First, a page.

In my youth, someone who behaved badly toward others was told, “God don’t like ugly.” How many of us were taught that “ugly” includes trying to force others to behave as a “mindless member of a human herd,” to be like us, or to be, in any way, other than themselves?

Rabbi Gerry Serotta, who has spent decades in interfaith and other boundary-crossing work, teaches that it is good practice to look for the variety of people and perspectives in biblical narrative because “variety is God’s plan.” He sites the Babel story as one indication of this divine preference. At times, the Torah narrative can seem very focused on “dividing” — day from night, this lineage from that, people who accept a covenant and those who don’t… — but the divisions can also be read as developing inclusion and diversity, in place of one undifferentiated blob of sameness or “human herd.”


The commentary of Rashi (11th Century, France) on the Bible and Talmud is so prominent in Jewish tradition as to appear with its own script right next to the original text in many printed versions. He says about Genesis 11:1 that the people were “of one plan”:

They came with one plan, saying: “[God] has no right to select the heavenly regions exclusively for Himself; let us ascend to the skies and make war upon Him”.

— Rashi for Gen 11:1 via Sefaria.org

Some Torah translations, like ArtScroll (Stone Edition, 1993), incorporate Rashi’s perspectives into their word choices. In this case, the English is not related to dvar — “one speech,” e.g., or “one thing” — but instead an interpretation that picks up on Rashi’s idea of purpose or plan.

The idea that the people of Babel were intent on warring with God is much older than Rashi. His commentary often includes ideas from earlier works that he incorporated into his line-by-line analysis. One place we find the people of Babel warring with God is in the Babylonian Talmud Sanhedrin (written around 450-550 CE): The Mishnah (completed earlier, by 250 CE) says that “the generation of the Dispersion” from Babel have no place in the world-to-come, but no sin that could have resulted in such a circumstance is specified. The Torah itself does not use sin language in the Babel story or speak of God’s actions as punishment. So rabbis in Babylon a few hundred years later ponder the Mishnah’s declaration, suggesting a few sins, including waging war against God (B. Sanhedrin 109a).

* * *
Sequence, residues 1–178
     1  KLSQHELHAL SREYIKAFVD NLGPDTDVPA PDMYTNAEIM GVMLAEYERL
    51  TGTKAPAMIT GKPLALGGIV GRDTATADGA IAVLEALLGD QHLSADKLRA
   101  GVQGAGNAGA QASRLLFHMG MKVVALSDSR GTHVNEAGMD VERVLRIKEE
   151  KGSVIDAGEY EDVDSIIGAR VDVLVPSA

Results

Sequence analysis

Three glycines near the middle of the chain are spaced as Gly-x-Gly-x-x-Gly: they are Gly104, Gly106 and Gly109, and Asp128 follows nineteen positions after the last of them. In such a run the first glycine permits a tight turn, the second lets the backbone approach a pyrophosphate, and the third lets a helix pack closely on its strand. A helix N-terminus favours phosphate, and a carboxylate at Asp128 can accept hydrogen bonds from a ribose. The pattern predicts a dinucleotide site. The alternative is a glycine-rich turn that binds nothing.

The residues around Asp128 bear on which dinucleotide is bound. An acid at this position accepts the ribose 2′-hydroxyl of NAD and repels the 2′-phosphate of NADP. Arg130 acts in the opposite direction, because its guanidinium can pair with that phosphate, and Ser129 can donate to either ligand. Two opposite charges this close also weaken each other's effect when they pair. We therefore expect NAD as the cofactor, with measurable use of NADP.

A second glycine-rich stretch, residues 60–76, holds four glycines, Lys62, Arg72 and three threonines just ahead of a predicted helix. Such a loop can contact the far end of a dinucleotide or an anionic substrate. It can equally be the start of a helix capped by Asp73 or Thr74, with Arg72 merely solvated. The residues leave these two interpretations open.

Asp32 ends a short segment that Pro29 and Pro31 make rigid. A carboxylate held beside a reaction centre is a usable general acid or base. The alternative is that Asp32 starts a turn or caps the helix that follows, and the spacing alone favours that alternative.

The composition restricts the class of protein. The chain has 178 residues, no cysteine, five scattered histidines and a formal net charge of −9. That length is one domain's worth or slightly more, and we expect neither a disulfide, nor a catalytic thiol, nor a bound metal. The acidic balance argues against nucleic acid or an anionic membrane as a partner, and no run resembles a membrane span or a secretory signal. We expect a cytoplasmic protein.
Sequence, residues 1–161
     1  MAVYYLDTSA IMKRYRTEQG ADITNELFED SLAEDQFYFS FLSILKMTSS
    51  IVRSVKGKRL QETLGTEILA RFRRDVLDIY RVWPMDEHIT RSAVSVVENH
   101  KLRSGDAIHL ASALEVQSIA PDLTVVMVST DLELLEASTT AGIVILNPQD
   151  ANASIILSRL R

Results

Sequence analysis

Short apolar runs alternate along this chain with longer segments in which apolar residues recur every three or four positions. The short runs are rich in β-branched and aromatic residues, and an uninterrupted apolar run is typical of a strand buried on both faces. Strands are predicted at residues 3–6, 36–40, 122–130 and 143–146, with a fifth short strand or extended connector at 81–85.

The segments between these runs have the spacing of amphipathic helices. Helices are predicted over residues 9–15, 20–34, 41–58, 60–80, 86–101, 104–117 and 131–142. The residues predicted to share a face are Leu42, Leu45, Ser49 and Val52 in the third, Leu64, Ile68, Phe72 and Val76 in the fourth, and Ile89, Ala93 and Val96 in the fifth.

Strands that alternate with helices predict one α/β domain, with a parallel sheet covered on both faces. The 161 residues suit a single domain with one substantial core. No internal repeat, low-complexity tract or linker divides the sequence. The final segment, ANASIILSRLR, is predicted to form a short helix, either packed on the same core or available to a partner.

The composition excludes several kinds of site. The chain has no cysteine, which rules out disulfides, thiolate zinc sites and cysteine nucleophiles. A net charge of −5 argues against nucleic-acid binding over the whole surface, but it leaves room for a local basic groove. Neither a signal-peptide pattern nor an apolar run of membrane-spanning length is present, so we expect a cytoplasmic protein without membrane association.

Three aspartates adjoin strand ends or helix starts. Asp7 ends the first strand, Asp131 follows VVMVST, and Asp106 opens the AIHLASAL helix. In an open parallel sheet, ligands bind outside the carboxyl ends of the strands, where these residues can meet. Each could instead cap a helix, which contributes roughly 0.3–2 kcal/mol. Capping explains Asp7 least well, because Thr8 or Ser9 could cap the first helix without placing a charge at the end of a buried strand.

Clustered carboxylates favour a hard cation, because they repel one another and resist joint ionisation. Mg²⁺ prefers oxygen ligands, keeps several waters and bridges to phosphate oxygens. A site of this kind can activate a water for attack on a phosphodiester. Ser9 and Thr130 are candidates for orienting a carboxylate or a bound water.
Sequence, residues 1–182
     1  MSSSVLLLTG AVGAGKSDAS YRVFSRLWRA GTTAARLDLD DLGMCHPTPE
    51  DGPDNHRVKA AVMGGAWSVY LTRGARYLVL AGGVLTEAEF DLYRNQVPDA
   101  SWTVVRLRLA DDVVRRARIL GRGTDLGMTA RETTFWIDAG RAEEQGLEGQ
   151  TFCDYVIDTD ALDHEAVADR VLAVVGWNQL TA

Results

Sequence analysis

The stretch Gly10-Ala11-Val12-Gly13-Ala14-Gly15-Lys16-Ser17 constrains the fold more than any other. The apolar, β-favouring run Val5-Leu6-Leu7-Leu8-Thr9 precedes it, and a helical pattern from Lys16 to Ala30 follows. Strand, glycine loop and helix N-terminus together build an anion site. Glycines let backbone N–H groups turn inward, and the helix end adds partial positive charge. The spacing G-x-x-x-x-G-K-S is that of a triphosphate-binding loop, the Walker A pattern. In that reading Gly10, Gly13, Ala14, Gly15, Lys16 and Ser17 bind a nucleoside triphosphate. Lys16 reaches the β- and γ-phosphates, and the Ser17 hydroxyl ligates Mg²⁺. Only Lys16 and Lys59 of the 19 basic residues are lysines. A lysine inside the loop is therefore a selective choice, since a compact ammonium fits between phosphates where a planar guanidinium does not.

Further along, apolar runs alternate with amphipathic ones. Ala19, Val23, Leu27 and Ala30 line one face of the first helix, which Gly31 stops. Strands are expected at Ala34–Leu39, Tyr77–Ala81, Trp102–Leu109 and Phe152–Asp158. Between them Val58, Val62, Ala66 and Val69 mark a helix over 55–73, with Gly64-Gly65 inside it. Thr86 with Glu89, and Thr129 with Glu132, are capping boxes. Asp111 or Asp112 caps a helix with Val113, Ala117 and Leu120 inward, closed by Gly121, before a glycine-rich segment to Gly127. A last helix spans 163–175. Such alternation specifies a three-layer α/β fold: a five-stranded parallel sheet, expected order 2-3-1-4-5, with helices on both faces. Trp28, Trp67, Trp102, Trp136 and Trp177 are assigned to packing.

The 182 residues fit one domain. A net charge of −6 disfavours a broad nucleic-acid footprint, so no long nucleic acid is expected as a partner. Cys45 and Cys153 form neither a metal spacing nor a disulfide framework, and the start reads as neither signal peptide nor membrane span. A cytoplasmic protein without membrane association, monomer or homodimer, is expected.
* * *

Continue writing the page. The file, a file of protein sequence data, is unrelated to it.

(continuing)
It is worth emphasizing that the Sanhedrin passage includes other possible sins: the related idea of “idol worship” is taken up by many later teachers, as is the idea that the people were disobeying God’s previous command to spread out over the earth in their decision to “dwell” at Babel. So the one plan to war on God was not universal even in the Talmud. Many other teachers over the centuries suggested interpretations of this terse tale and what sin, if any, the people committed.

All translation is an interpretation, of course. But using language like “common purpose” for Gen 11:1 can narrow our understandings of a passage (something like prejudicing a trial). On the other hand, variety in translation can be helpful, too…. as long as we don’t rely on just one.


Published by vspatz

Virginia hosts "Conversations Toward Repair" on We Act Radio, manages WeLuvBooks.org, blogs on general stuff a vspatz.net and more Jewish topics at songeveryday.org and Rereading4Liberation.com